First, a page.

Contextualizing the Threats in Western Europe
The last couple of years have demonstrated that there is a real terrorism threat in the entirety of Western Europe, with France, the United Kingdom and Germany posing an elevated level of concern. However, travelers should be reassured by the fact that the intelligence agencies in Western Europe are some of the world’s best. The police forces and security officials in these countries have the capabilities to investigate reports of terrorist activity, and in some instances have thwarted attacks before they came to fruition. Additionally, emergency response officials are prepared for mass incidents, and in the event a crisis situation develops, protocols are in place to proficiently respond. The fact that infrastructure throughout most parts of Western Europe is extensive, and public transit is considered safe and reliable, also helps to mitigate risk associated with a large-scale emergency situation.
Moreover, there are a number of security threats aside from terrorism that often go overlooked by travelers and their organizations. For example, contentious political environments often lead to protests and demonstrations that shut down public transit and/or create hostile environments that put travelers at risk. Furthermore, these contentious environments in Europe have led to the rise of right-wing extremism and ultranationalist groups. As extremist groups target vulnerable populations like Europe’s refugee population, these negative attitudes may spill over to affect foreign visitors. Additionally, natural disasters can quickly cause mass devastation, as we saw with the earthquakes in Italy in 2016 and wildfires that raged through Portugal in June 2017. Cyberattacks are also becoming a paramount concern and have the potential to seriously effect travel logistics. Ultimately, though, it is the unpublicized threats that remain the most likely to impact travelers in Western Europe. Petty and opportunistic crimes, such as pickpocketing, passport theft, and ATM/credit card scams, regularly occur on public transit and around tourist sites in Europe.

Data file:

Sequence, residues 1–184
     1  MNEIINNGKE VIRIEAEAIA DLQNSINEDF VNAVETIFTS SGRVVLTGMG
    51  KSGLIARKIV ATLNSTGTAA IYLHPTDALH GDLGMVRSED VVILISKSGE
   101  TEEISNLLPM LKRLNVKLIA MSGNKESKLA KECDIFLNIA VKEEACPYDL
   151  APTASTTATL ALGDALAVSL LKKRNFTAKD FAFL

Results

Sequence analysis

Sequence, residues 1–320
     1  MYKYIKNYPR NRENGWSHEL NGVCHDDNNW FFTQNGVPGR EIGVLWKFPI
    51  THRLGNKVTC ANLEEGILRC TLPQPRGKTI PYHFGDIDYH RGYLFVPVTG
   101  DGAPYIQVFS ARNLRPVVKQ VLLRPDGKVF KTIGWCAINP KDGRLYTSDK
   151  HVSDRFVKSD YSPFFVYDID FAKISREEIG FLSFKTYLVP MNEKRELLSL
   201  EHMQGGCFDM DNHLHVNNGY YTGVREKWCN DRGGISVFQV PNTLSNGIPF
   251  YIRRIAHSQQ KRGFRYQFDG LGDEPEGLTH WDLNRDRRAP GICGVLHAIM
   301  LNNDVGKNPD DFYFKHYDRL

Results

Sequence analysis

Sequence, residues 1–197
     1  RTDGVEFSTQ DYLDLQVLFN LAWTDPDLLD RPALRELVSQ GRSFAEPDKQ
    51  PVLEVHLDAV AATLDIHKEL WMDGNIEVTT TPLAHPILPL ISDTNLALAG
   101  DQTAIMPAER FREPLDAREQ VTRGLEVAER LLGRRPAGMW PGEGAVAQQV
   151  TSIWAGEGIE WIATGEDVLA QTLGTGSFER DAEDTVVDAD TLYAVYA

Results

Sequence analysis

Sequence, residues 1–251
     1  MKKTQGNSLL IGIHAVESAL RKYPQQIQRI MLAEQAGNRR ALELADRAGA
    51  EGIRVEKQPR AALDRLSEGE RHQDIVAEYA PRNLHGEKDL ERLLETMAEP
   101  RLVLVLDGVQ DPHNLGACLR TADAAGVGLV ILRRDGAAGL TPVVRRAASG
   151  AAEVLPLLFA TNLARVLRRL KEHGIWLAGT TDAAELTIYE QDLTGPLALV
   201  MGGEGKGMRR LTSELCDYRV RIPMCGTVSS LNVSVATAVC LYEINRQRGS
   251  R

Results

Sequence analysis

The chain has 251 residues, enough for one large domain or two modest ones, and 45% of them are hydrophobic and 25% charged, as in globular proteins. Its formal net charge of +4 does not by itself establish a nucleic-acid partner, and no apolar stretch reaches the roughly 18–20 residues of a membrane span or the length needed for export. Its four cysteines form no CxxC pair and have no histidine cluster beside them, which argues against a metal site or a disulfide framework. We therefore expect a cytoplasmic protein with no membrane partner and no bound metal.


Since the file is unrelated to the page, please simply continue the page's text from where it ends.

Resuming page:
The threat landscape in Western Europe continues to evolve and is unlikely to subside in the near future. Western Europe is at crossroads, as the region’s political leaders attempt to navigate a number of challenging geopolitical issues including passionate domestic debate over the best way to balance the needs of asylum-seekers with domestic security and economic prosperity, concern over the Schengen Agreement, an increased threat of terrorism, and uncertainty on the role of the European Union moving forward.
Organizations that take a proactive stance and educate their travelers on these evolving concerns will be much better prepared for travel to Western Europe. For more information on travel security and holistic risk management, contact us today.